Lightly score the dough around the tops and sides to create a border. Brush the surface with egg wash or plain water for the filling to stick. Sprinkle the cinnamon-sugar in the center.
To finish, roll the dough into a log and place into a buttered loaf pan.
A Few Helpful Tips…
When bread bakes, steam forms within the dough. Because this loaf is not scored on the surface (it will cut into the cinnamon swirl) the steam has no place to escape. As a result, the steam can sometimes form gaps between the cinnamon swirl and the bread.
To remedy this, Cooks Illustrated recommends adding powdered sugar to the swirl filling to bind the extra moisture. King Arthur brushes an egg wash onto the dough to make the swirl stick. I’ve had mixed results with both.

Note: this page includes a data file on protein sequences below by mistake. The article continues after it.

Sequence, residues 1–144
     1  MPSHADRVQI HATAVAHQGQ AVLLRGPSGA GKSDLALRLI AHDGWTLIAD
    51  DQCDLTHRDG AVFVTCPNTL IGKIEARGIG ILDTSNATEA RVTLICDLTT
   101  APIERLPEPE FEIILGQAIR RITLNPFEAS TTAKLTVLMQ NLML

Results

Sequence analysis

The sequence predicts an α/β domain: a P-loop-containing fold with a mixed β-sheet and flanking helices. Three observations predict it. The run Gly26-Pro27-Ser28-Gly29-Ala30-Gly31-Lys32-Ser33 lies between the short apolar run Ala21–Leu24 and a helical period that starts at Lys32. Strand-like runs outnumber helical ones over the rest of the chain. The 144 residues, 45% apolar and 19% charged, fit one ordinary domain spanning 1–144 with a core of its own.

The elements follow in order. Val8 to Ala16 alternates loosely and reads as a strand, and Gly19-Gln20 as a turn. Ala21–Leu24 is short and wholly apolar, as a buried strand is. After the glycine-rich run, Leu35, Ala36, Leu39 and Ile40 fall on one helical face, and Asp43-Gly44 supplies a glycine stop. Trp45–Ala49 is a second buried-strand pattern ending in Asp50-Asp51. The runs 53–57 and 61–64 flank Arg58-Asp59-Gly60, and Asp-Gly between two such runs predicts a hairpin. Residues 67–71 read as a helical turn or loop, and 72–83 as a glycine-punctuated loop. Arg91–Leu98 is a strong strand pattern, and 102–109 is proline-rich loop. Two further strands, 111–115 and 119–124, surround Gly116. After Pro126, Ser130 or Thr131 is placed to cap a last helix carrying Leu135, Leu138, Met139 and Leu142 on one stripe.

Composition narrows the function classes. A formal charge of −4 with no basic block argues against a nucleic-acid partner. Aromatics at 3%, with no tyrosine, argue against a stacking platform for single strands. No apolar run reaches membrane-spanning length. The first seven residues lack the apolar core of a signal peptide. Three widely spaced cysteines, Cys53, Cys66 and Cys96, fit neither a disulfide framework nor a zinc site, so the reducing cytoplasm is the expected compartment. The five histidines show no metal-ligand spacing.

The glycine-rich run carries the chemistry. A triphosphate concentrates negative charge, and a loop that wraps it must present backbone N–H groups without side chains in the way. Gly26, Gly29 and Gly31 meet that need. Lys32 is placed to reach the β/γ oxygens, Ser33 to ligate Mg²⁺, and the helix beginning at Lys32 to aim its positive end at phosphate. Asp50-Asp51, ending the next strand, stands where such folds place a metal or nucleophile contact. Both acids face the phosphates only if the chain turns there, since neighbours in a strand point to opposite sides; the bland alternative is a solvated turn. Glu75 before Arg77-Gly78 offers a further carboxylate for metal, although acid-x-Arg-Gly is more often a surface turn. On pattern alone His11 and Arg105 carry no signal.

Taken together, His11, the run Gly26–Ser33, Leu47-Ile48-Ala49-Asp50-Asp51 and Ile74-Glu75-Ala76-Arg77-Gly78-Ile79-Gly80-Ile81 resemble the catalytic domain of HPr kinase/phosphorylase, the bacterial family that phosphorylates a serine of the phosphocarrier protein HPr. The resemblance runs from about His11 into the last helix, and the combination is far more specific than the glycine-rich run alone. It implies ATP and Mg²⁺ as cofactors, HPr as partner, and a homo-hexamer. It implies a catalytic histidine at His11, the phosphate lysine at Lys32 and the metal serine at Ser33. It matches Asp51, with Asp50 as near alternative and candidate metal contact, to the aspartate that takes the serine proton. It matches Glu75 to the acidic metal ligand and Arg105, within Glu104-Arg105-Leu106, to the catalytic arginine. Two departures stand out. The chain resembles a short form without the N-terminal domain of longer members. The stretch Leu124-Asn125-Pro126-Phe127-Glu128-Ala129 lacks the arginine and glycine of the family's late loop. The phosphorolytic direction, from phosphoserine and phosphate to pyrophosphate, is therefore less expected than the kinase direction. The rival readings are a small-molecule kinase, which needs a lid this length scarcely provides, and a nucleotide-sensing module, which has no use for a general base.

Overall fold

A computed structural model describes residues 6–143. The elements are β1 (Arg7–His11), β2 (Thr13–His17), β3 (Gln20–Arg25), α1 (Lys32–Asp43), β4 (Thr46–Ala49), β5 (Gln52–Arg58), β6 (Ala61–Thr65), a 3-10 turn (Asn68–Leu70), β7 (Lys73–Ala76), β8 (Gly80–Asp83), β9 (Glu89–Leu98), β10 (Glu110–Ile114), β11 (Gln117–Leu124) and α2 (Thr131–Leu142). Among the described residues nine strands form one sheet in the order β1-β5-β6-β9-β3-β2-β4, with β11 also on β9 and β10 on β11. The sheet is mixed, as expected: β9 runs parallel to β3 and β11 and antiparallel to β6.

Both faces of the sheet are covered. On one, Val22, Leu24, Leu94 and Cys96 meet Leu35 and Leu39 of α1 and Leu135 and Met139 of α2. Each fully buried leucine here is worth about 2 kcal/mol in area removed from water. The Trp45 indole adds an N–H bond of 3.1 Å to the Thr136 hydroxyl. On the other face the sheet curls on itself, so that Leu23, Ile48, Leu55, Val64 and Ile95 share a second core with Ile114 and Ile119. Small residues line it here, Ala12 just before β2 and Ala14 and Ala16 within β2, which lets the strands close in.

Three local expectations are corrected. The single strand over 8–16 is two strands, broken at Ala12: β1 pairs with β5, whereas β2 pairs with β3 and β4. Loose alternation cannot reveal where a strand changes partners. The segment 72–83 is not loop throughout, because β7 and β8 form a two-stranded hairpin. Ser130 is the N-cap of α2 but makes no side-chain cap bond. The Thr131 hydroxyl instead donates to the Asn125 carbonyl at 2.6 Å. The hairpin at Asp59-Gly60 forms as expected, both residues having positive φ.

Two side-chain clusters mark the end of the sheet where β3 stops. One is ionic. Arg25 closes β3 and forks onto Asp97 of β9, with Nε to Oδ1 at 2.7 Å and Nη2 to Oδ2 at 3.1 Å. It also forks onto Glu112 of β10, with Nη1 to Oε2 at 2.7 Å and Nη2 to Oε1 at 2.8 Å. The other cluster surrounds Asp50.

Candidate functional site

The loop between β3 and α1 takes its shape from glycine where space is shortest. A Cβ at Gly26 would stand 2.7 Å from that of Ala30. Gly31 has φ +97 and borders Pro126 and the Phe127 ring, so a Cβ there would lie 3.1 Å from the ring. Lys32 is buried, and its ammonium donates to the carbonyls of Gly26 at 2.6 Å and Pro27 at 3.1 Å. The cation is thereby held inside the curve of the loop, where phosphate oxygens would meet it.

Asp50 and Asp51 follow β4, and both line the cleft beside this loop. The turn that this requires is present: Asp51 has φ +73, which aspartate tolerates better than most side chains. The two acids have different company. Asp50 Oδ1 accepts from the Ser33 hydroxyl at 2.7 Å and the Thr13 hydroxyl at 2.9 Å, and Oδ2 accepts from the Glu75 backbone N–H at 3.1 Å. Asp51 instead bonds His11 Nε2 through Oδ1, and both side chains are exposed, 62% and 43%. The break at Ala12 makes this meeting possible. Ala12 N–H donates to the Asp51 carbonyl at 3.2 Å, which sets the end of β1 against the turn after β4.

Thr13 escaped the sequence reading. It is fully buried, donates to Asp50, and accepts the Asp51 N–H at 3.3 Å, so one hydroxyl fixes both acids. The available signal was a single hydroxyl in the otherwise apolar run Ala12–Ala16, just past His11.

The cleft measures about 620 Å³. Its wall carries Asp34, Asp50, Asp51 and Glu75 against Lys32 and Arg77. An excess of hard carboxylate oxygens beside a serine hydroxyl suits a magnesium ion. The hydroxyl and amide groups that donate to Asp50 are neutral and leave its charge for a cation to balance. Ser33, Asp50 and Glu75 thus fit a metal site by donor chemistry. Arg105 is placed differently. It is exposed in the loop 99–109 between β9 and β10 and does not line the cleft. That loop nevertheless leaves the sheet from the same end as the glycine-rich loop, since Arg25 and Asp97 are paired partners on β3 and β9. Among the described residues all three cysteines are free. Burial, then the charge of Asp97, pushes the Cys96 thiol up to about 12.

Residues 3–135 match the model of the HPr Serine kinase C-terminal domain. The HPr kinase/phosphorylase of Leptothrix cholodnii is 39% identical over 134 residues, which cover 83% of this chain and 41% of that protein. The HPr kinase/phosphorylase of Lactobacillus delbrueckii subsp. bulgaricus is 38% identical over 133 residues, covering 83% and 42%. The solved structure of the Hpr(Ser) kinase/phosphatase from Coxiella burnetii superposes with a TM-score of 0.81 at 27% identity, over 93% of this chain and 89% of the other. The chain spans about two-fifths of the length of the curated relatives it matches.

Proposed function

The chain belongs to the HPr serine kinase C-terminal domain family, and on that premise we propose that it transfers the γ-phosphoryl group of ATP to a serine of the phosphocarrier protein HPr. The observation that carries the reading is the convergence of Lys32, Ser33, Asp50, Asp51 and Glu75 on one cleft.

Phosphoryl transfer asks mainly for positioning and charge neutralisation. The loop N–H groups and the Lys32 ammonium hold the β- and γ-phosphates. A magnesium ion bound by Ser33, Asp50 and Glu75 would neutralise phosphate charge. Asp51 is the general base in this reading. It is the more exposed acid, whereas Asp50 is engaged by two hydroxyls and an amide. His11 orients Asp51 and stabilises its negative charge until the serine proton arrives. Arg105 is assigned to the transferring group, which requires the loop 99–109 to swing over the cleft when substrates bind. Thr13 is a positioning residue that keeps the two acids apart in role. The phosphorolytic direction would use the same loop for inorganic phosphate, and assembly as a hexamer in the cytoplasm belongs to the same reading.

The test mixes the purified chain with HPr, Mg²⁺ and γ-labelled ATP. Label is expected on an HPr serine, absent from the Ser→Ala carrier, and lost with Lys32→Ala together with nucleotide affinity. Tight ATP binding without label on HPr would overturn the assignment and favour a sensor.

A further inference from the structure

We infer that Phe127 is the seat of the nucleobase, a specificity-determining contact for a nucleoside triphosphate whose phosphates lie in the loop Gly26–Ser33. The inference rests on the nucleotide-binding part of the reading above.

Several of my recipe tests revealed that gap preventative binders (i.e. egg wash, powdered sugar etc.) only work if the dough is shaped properly AND it is not over proofed after the second rise. If the dough is too puffy and over proofed, you won’t get gaps… you’ll get tunnels! Either way, not to worry- the gaps will not effect the final taste.
Cover the loaf pan and let rest at room temperature until the center of the dough rises to about 1-inch above the rim of the pan, about 1 1/2- 2 hrs. It should look soft and slightly puffy, and no longer dense.
Bake The Dough
Place on the center rack and bake @ 375 F for 45-50 minutes or until light golden brown. The aroma will tantalize you as it bakes! Allow to cool in the pan for 10 minutes or so, and then transfer to a wire rack to finish.
We love this soft sourdough cinnamon raisin bread served slightly warm, or toasted with melted butter. It makes great French toast the next day too!
How good does this look?!Print
A twist on a classic, this soft sourdough cinnamon raisin bread recipe gets a noteworthy upgrade with tangy sourdough and vanilla soaked raisins. We love it toasted with cream cheese or melted butter and it makes great french toast!
- 500 g (4 cups) bread flour
- 85 g (6 tbsp.) unsalted butter, softened, cut into cubes
- 24 g (2 tbsp.) sugar